Windy victory gives Murray best chance to earn elusive major win

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Andy Murray will take on the winner of the Novak Djokovic-David Ferrer match on Monday.

Andy Murray will take on the winner of the Novak Djokovic-David Ferrer match on Monday.

NEW YORK -- It arrives near the end of an 11-month season that spans six continents, a two-week crucible played on concussive concrete that grinds the body to its physical limit. The atmosphere can be overwhelming, the conditions extreme, the unexpected becomes routine. You don't win the U.S. Open so much as survive it.

The hurly-burly was far less metaphorical Saturday afternoon, as Andy Murray prevailed 5-7, 6-2, 6-1, 7-6(7) over Tomas Berdych amid conditions too extreme for the typical rec-league match but appropriate enough for the semifinal of a Grand Slam tournament. It started more than an hour late due to heavy rainfall and ended with a tornado rapidly approaching the grounds, forcing the evacuation of Arthur Ashe Stadium during the opening set of the second semifinal between Novak Djokovic and David Ferrer.

You want distractions? For once the airplanes taking off over Ashe from nearby LaGuardia Airport were the least of the players' concerns. Winds upwards of 20 m.p.h. entered the stadium from the southeast, spiraling downward from the mezzanine and whipping detritus across the court like tumbleweeds. During one point a changeover chair clattered onto the court, spilling the contents of Murray's bag onto the blue DecoTurf. Clouds came and went with time-lapse frequency. This was the chaos and stimuli and madness of the Open made manifest.

All of which heightened the impact of Murray's composed performance. Now just one victory away from becoming the first British man to win a major tournament in 76 years -- and ending one of the most mythical droughts in sports -- it's obvious the 25-year-old is as ready as he'll ever be.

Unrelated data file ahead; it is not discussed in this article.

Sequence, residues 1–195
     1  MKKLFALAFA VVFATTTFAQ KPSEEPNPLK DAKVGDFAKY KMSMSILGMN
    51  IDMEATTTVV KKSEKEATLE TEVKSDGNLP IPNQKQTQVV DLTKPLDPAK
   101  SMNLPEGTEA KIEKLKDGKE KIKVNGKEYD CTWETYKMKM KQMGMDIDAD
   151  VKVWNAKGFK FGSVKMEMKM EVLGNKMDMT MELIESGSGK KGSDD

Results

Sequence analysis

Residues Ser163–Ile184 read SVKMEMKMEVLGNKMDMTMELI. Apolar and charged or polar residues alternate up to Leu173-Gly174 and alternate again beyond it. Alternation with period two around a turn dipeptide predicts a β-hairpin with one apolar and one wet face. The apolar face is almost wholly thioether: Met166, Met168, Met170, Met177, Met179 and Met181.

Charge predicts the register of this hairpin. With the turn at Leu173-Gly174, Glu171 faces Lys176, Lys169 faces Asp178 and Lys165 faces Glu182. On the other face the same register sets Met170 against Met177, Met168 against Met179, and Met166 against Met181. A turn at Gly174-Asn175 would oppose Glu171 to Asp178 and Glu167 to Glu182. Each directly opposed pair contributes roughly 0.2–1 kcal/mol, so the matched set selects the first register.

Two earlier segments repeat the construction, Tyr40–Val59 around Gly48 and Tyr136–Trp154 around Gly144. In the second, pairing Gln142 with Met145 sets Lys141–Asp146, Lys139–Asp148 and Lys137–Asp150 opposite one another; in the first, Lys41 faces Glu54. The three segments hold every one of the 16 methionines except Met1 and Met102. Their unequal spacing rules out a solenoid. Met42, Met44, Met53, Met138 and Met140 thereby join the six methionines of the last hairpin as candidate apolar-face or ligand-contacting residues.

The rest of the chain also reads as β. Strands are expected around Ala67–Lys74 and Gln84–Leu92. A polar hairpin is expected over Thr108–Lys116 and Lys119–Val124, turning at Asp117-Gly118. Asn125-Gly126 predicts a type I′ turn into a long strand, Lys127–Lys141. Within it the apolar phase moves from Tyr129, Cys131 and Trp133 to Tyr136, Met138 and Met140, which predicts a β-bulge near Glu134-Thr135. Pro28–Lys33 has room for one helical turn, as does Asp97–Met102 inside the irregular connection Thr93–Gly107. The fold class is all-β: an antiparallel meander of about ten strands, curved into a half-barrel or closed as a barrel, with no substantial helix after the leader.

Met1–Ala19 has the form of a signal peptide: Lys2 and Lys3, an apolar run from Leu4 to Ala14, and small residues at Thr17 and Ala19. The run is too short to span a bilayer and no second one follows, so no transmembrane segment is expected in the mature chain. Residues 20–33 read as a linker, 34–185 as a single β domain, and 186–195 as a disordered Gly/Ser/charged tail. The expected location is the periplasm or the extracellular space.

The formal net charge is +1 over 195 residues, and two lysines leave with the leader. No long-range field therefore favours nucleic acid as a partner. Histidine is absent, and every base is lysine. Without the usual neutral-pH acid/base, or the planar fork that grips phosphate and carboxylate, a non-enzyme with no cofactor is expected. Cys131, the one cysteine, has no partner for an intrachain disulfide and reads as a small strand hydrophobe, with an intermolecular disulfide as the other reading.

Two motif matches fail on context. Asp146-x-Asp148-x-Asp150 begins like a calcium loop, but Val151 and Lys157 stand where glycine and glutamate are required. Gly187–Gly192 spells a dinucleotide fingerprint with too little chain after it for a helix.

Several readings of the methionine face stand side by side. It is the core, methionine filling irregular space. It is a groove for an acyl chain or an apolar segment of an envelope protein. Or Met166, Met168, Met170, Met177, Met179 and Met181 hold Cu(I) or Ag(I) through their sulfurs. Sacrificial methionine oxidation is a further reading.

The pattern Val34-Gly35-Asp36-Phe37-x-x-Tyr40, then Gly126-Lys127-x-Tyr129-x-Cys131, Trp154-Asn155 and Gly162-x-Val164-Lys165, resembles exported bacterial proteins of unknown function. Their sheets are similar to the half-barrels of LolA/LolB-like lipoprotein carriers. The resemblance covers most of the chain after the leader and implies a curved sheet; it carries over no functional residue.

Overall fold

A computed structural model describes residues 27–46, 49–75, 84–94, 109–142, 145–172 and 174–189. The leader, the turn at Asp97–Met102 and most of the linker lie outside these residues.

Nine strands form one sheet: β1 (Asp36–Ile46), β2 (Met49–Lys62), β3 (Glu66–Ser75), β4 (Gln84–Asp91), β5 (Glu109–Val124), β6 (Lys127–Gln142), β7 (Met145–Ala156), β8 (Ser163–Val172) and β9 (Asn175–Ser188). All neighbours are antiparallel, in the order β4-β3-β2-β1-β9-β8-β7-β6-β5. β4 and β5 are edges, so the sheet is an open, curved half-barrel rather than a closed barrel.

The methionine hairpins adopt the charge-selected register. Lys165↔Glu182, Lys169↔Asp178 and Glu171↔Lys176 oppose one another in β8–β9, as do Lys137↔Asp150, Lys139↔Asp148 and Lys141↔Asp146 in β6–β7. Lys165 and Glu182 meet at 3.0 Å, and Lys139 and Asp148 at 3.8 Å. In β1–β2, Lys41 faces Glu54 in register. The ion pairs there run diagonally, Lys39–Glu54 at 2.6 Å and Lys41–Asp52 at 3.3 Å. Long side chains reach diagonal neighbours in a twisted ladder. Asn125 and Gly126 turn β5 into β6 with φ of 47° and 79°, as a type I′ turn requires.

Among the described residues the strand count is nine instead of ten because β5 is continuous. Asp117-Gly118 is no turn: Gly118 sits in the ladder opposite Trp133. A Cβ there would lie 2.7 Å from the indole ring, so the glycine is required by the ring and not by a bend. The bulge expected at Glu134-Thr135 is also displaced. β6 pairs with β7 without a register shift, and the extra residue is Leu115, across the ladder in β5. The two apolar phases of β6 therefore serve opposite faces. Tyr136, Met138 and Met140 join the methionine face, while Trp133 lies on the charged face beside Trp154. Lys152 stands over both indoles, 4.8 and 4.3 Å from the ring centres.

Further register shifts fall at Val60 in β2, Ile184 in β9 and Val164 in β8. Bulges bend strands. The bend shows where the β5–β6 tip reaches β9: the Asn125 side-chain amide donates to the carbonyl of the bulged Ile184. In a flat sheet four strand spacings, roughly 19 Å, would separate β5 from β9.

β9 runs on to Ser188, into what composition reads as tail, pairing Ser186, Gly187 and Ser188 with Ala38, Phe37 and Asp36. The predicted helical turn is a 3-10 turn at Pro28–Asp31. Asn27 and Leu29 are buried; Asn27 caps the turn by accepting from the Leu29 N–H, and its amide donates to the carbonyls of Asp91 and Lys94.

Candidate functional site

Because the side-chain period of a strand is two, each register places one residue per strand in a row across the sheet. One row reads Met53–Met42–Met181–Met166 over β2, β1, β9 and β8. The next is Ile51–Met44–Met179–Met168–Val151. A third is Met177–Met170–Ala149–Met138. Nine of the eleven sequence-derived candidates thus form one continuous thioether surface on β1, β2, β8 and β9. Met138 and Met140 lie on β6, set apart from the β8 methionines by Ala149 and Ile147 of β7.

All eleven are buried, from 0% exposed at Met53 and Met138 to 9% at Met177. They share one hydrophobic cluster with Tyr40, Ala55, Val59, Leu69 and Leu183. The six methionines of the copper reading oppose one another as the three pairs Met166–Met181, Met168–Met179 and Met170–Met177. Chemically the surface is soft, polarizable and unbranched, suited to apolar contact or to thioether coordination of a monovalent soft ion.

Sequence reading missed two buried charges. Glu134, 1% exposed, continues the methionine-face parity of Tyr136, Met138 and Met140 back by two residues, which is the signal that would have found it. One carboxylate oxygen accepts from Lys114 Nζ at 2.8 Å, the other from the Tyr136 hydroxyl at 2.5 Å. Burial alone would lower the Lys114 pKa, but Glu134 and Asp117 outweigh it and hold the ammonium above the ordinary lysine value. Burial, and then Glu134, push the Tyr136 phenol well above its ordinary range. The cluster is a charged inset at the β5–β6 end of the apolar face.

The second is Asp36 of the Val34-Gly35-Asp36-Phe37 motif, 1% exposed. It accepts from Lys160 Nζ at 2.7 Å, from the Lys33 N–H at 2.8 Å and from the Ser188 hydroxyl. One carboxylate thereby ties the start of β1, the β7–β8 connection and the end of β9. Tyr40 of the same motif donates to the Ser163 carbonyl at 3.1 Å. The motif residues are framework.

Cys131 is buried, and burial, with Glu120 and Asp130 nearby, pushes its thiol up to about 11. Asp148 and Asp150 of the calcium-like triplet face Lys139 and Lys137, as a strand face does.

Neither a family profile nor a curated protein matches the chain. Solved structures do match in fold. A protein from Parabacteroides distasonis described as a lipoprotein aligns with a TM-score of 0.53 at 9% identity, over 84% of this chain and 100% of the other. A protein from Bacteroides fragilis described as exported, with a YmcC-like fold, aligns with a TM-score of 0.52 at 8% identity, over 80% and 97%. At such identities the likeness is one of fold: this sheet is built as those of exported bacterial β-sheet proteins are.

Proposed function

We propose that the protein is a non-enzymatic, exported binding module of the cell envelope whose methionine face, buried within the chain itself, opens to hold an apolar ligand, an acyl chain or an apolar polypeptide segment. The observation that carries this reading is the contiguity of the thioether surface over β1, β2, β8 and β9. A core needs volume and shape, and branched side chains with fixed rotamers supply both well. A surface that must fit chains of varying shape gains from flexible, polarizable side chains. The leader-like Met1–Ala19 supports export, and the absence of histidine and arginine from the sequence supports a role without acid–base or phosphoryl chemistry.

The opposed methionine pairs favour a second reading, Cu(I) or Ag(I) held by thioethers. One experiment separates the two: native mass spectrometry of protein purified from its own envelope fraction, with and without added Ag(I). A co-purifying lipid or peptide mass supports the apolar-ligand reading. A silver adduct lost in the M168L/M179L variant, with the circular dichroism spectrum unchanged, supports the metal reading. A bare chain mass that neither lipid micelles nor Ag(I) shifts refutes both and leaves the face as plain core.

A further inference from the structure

Murray's mastery of the wind -- he committed just 20 unforced errors compared to 64 for Berdych -- showcased his matured game and patient, varied shotmaking. The gusts played havoc with the Czech's high service toss, which often caught a draft mid-flight and landed several feet behind him. Both players were forced to recalibrate, dialing down their serves to ensure they landed in court, but Murray's superior accuracy made the difference. "There is not a player who likes these conditions," Berdych lamented afterward, "but there are some players that these kind of conditions can suit to their game a bit better than the other ones."

Four times Murray has played in a Grand Slam final, in each instance coming up short, most recently in an ennobling defeat to Roger Federer at this year's Wimbledon. But Murray rebounded from that setback by winning Olympic gold at the All England Club less than a month later, lifting a confidence level that's soared under new coach Ivan Lendl even further. "[It] did take a bit of the pressure off," he admitted. "Maybe had less doubts about myself and my place in the game just now."

What's more, Murray will enjoy a full day of rest ahead of a final that's been rescheduled for Monday afternoon, recuperating in comfort as Djokovic and Ferrer resume their semifinal Sunday at 11 a.m. ET. (It was suspended with Ferrer leading 5-2 in the opening set.) The U.S. Open is the only major that schedules the semifinals and finals for the men and women on back-to-back days, a made-for-TV concept the players hate and lobbied successfully to abolish starting next year. This marks the fifth consecutive year that inclement weather has forced the men's final to Monday, a curious streak given the run of perfect weather and Sunday finals in Flushing Meadows from 1986 through 2007.

The door to opportunity seldom requires a picked lock, only the right combination. For Murray, already regarded by many as the greatest player never to win a major, it's hard to reckon a more favorable scenario. Both Federer and Rafael Nadal, two of Murray's historic bugaboos at the business end of majors, are collectively absent from the semifinals at a Grand Slam for the first time since George W. Bush's first term. And the Scot's confidence is no doubt peaking after coming from behind to triumph in his past two matches.

The distractions will only continue from here -- like when a half-cocked Sean Connery and Alex Ferguson hijacked the post-match press conference -- but Murray's lofty morale, additional recovery time and remarkable focus portend well heading into Monday's final, a platinum opportunity to cap his golden summer.

If not now, when?